Because errors associated with IV administration can result in fatal or life-threatening outcomes, administration of IV fluids and medications can be high-risk, with adverse outcomes potentially leading to malpractice claims.5 While nurses are named as defendants in such lawsuits in increasing numbers, physicians also can be named if it appears that intervention was not proper or timely. For example, the Closed Claims Project database, which summarizes data from professional liability carriers, showed that 2.1% of injury claims from 1970 to 2001 were related to peripheral catheters.6 Among these claims, 28% were related to skin slough or necrosis; 17% were related to swelling, inflammation, or infection; 17% were related to nerve damage (with 22% of these caused by ALCS); 16% were related to fasciotomy scars resulting from ALCS; and 3% were related to heat compresses used to treat IV infiltrations.6 Approximately 54% of peripheral catheter claims resulted in successful litigation for the plaintiffs, with compensation ranging from $275 to $10,050,000.6

Evidence-based management and complete and accurate documentation are the keys to an effective legal defense in the event of a medicolegal claim.5 The Joint Commission defines a sentinel event as "an unexpected occurrence involving death or serious physical or psychological injury, or the risk thereof. Serious injury specifically includes loss of limb or function."87 According to the Infusion Nursing Standards of Practice, an extravasation injury should be considered a sentinel event and should be documented.1 Extreme cases of infiltration and all extravasations require a sentinel event report, which then triggers a root cause analysis. Risk managers should encourage complete and accurate documentation of all infiltration and extravasation events and should analyze such events for system failure and identify opportunities for process improvement. The most important documentation component is a comprehensive, standardized form to ensure that complete detailed information is gathered (Table 3). A photograph of the affected site should also be considered an important component of the documentation record.8

Table 3 - Click to enlarge in new window TABLE 3 Content of Standardized Event Documentation Form


Infiltration and extravasation injuries are medical emergencies that have the potential to cause serious disability, diminish the patient's quality of life, and leave clinicians vulnerable to the risk of malpractice claims. While such injuries may be minimized or prevented through adherence to standards of practice and evidence-based treatment, further study is needed to address unresolved questions and controversies surrounding extravasation management and ways to broaden clinicians' awareness of the treatment options.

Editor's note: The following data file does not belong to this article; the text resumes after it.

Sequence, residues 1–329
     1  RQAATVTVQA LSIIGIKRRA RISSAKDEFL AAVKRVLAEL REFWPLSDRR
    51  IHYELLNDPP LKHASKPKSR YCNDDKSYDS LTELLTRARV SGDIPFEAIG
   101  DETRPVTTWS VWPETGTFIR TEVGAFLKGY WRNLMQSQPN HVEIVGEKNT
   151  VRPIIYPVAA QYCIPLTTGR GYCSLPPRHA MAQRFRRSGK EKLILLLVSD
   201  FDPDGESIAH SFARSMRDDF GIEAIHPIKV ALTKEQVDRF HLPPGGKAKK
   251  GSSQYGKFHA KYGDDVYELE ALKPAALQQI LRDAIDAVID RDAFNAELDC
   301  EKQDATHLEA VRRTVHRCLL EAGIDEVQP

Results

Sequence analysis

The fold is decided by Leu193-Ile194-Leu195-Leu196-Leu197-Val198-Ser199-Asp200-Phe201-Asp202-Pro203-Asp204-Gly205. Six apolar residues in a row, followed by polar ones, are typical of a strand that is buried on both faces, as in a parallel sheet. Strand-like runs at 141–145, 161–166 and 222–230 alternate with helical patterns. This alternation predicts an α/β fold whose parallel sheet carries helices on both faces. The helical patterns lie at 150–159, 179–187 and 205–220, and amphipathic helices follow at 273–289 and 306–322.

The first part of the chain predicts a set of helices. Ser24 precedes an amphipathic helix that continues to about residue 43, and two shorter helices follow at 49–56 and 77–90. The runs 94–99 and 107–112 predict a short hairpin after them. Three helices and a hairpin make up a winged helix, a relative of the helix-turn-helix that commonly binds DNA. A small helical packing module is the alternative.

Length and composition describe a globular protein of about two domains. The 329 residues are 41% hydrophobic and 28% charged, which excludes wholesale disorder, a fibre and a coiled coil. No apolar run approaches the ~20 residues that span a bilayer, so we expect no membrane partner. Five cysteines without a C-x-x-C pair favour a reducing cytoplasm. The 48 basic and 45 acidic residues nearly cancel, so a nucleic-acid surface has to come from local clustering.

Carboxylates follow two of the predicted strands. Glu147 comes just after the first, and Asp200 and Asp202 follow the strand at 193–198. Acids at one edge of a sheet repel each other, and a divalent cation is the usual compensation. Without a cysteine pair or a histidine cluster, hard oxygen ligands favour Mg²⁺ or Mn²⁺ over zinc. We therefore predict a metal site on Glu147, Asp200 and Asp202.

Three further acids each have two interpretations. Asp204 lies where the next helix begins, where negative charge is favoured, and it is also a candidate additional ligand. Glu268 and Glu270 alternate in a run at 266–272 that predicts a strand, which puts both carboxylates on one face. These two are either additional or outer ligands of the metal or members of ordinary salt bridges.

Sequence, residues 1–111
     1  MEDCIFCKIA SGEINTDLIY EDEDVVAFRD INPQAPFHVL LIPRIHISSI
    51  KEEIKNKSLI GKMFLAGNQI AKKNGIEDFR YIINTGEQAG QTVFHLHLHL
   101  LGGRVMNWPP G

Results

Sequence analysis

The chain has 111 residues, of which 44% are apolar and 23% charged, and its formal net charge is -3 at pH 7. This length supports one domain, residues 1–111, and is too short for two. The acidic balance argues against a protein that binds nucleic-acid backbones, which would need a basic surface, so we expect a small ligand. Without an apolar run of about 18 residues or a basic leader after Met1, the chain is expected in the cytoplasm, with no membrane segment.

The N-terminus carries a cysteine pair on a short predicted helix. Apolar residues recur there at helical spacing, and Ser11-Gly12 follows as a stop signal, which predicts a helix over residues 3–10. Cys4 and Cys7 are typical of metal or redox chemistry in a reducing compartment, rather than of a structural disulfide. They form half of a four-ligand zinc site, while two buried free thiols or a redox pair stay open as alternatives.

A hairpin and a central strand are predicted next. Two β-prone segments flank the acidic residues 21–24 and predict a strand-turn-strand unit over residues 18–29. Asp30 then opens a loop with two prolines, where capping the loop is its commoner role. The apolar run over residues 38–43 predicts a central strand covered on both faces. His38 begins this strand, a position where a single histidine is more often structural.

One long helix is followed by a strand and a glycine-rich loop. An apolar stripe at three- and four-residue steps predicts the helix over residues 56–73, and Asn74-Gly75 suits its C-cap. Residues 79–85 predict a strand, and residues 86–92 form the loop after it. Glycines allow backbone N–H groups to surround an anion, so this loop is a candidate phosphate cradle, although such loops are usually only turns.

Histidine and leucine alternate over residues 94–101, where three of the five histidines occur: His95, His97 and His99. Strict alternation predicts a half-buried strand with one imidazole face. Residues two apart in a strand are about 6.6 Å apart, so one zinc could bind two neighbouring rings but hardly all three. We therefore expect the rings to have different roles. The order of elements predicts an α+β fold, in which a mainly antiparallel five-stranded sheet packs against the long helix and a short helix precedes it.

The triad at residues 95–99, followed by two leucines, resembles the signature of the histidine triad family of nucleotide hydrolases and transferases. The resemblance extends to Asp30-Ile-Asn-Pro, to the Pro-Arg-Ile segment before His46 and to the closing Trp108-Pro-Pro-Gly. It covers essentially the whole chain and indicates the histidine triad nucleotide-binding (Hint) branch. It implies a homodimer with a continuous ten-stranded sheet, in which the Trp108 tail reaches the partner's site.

1. Infusion Nurses Society. Infusion nursing standards of practice. J Infus Nurs. 2006;29(1)(suppl):S1-S92. [Context Link]

2. Hadaway L. Infiltration and extravasation: preventing a complication of IV catheterization. Am J Nurs. 2007;107(8):64-72. [Context Link]

3. Bellin MF, Jakobsen JA, Tomassin I, et al. Contrast medium extravasation injury: guidelines for prevention and management. Eur Radiol. 2002;12(11):2807-2812. [Context Link]

4. Upton J, Mulliken JB, Murray JE. Major intravenous extravasation injuries. Am J Surg. 1979;137(4):497-506. [Context Link]

5. Diehl-Svrjcek BC, Dawson B, Duncan LL. Infusion nursing: aspects of practice liability. J Infus Nurs. 2007;30(5):274-279. [Context Link]

6. Liau DW. Injuries and liability related to peripheral catheters: a Closed Claims analysis. Newsl Am Soc Anesthesiol. 2006;70(6). Accessed June 4, 2008. [Context Link]

7. Ener RA, Meglathery SB, Styler M. Extravasation of systemic hemato-oncological therapies. Ann Oncol. 2004;15(6):858-862. [Context Link]

8. Goolsby TV, Lombardo FA. Extravasation of chemotherapeutic agents: prevention and treatment. Semin Oncol. 2006;33(1):139-143. [Context Link]

9. Schulmeister L, Camp-Sorrell D. Chemotherapy extravasation from implanted ports. Oncol Nurs Forum. 2000;27(3):531-538. [Context Link]

10. Sauerland C, Engelking C, Wickham R, Corbi D. Vesicant extravasation, I: mechanisms, pathogenesis, and nursing care to reduce risk. Oncol Nurs Forum. 2006;33(6):1134-1141. [Context Link]

11. Rudolph R, Larson DL. Etiology and treatment of chemotherapeutic agent extravasation injuries: a review. J Clin Oncol. 1987;5(7):1116-1126. [Context Link]

12. Ignoffo RJ, Friedman MA. Therapy of local toxicities caused by extravasation of cancer chemotherapeutic drugs. Cancer Treat Rev. 1980;7(1):17-27. [Context Link]

13. Haynes S. Infusion phlebitis and extravasation. Prof Nurse. 1989;5(3):160-161. [Context Link]

14. Luke E. Mitoxantrone-induced extravasation. Oncol Nurs Forum. 2005;32(1):27-29. [Context Link]

15. Mubarak SJ, Hargens AR. Acute compartment syndromes. Surg Clin North Am. 1983;63(3):539-565. [Context Link]

16. Tiwari A, Haq AI, Myint F, Hamilton G. Acute compartment syndromes. Br J Surg. 2002;89(4):397-412. [Context Link]

17. Schummer W, Schummer C, Bayer O, Muller A, Bredle D, Karzai W. Extravasation injury in the perioperative setting. Anesth Analg. 2005;100(3):722-727. [Context Link]